The Emotional Life of a Woman and Her Money

Judy was panicked over her investments and frozen in indecision about what to do next. The market wasn’t doing well and she wasn’t sure what all of this meant for her. She was in her mid-fifties, didn’t have a pension (darn those years of doing her own thing) and was single. Late at night, while lying in bed, she was obsessed with the haunting images of ending up as a bag lady, pushing a cart down the street and wearing old clothes. She knew this was irrational- after all she was well educated and considered a success by any objective standard. But she couldn’t get these thoughts out of her head.

Whenever she heard from her investment advisor, she grew more frustrated. He just didn’t seem to get it. The more she expressed her anxiety, the more he talked about numbers, ratios, forecasts, averages, and projections. By the time he got to his third piece of information about her portfolio, she wasn’t even listening anymore. Oh, she was polite enough and looked attentive, but she was overwhelmed by the rush of emotion and the overload of data. She didn’t feel her advisor really understood her- he was a successful guy who looked so confident. And whenever she told him she was anxious, he just responded by giving her more information. She wanted to scream- or cry. All she wished for was to be understood and reassured. Maybe she should find a new advisor- this situation was never going to change. And there was no point in bringing it up to him- he just didn’t seem to understand. She didn’t trust what she was hearing and she certainly didn’t trust that he appreciated her situation.

This is a real scenario and typical of what is happening in the financial services world. Women are frustrated with the inability of most financial institutions to realize that their approach to investing is unique and not like a male approach. This is the reason so many are demanding female advisors. The industry, however, is sadly under-served by women As a result, the business is neglecting the needs of women and are thus ignoring hundreds of millions of dollars of potential revenue and profit.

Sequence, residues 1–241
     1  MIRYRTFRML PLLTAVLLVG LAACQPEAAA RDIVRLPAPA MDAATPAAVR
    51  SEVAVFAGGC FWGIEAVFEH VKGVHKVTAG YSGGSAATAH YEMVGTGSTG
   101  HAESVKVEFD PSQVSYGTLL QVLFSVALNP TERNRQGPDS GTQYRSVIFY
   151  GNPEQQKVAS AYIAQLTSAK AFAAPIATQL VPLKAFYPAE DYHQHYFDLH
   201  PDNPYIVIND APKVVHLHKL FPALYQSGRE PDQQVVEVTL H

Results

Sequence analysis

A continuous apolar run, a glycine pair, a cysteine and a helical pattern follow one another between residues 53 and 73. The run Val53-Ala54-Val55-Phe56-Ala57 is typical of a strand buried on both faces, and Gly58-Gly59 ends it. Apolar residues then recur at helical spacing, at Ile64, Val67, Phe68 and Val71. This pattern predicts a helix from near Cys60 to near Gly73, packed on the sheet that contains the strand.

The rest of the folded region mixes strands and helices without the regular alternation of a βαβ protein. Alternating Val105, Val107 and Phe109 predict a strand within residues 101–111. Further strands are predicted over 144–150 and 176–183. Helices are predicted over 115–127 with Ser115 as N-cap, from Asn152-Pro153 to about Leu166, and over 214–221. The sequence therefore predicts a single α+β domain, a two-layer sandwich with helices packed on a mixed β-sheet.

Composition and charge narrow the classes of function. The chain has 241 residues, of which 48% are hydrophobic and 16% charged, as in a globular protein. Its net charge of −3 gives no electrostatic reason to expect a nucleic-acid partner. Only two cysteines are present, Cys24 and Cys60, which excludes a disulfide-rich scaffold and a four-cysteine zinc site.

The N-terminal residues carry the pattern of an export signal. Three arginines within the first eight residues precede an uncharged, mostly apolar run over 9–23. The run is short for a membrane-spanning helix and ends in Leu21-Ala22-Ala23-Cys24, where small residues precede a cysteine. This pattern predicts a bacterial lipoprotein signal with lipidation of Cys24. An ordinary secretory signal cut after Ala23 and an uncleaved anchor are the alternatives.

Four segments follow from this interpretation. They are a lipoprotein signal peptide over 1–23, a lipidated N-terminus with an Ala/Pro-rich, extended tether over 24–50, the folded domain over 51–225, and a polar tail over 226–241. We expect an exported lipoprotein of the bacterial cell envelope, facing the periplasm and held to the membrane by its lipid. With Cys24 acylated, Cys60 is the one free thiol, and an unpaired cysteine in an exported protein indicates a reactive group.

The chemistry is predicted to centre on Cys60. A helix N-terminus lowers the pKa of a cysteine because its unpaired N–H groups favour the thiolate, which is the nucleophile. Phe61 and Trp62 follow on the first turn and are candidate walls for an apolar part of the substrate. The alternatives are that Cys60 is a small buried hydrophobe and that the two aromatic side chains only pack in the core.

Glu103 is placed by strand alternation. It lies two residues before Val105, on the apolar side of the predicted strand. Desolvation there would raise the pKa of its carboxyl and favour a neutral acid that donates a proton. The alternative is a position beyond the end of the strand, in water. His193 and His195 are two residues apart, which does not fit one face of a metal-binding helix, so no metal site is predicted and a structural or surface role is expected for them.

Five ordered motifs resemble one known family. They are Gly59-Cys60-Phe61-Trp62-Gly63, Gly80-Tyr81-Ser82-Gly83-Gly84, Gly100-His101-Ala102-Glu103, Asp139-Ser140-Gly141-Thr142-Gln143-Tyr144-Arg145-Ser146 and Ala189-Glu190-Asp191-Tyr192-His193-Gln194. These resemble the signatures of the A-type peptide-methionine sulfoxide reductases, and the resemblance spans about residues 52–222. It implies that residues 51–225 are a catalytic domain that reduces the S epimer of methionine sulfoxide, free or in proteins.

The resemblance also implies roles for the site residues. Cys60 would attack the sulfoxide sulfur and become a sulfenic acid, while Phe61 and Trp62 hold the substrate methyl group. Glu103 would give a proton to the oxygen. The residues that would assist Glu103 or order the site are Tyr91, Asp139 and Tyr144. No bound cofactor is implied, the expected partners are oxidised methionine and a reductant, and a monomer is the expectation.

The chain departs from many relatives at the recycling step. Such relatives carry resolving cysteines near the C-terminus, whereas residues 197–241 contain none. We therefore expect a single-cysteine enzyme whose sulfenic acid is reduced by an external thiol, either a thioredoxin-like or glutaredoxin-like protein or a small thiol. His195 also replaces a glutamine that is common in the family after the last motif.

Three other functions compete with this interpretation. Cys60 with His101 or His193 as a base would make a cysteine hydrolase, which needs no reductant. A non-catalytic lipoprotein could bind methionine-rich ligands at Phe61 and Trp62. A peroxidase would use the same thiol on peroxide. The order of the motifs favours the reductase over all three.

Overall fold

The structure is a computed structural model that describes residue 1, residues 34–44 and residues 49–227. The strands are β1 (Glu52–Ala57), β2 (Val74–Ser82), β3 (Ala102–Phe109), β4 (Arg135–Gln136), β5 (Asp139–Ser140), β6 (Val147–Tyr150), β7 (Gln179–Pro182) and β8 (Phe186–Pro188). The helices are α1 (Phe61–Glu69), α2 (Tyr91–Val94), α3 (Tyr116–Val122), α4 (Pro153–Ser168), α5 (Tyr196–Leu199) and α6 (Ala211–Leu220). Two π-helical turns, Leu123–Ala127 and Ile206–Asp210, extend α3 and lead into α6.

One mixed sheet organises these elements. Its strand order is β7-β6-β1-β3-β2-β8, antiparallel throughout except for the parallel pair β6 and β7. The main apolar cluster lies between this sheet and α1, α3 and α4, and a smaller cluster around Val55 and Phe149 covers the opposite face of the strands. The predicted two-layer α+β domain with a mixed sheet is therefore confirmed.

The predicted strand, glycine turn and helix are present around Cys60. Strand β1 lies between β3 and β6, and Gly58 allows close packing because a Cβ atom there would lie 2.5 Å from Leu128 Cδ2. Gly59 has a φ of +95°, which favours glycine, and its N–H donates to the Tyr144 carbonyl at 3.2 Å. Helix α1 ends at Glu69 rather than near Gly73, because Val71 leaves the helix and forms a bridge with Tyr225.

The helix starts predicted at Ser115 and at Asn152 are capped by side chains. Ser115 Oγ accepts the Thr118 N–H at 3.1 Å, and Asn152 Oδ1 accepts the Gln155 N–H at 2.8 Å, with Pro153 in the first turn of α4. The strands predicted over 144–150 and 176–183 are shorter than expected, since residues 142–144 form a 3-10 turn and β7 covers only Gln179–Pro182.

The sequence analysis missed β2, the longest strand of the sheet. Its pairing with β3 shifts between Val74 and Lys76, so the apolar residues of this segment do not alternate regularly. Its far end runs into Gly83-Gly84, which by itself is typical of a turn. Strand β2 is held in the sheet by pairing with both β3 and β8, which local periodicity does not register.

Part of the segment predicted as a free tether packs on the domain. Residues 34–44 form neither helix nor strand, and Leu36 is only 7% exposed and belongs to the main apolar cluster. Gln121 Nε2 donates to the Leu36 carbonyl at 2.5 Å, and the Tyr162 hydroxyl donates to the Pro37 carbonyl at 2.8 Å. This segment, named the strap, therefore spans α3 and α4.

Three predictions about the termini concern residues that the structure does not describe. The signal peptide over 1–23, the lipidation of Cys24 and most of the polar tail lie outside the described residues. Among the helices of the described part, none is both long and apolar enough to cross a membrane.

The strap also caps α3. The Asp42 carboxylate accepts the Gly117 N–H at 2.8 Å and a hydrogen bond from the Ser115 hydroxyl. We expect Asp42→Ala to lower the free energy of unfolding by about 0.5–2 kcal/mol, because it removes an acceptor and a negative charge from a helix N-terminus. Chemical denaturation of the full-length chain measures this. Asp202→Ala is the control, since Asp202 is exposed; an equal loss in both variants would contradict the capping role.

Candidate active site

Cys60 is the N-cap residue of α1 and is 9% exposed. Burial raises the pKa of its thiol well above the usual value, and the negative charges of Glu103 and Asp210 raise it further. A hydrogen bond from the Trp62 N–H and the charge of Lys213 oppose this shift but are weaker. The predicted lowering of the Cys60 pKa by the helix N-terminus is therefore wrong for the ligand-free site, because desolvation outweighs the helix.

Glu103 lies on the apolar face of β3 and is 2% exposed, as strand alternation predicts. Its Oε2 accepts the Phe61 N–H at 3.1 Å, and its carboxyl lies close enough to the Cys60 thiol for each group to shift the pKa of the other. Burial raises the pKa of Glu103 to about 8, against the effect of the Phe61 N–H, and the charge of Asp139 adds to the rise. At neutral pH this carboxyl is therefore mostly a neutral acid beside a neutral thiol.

It is time for those in financial services to take charge of the situation and give women what they have been asking for. If not, women will find something else to invest their money in, and it won’t be the market.

One of the first things advisors need to understand in dealing with women is that the relationship is all important. This requires advisors to shift mindsets from selling to listening. Advisors also need to slow down and invest the time to develop the relationship. Throw out the script and the process- it won’t help here. What women; no, all customers, want is genuineness. They want advisors to be real. And to know that they are sincere. They want to be reassured that not only are they being listened to, but that they’re really being heard. That advisors are invested in their dreams, their ambitions and that their fears and insecurities are understood.

Right about now, you’re probably thinking that we’re advocating that you become well-versed in managing your advisor. Absolutely not. But we are advocating that women learn how to have a meaningful conversation with her advisor. It’s not impossible and doesn’t require you to change women to change who they are or to fake it. There are skills and methods which will make it easier. But it’s important for women because, at the end of the day, women need to be in control of their money.

Building a trusting relationship with women investors is a different journey than building one with men. If a woman feels rushed into buying a product, she will likely be turned off or scared away. Women want an advisor who understands them, know how they think and what her values are. She will want to ensure that her advisor’s values align with her values. If an advisor can achieve that, he or she is one step closer to building a trusting and good relationship with women clients.


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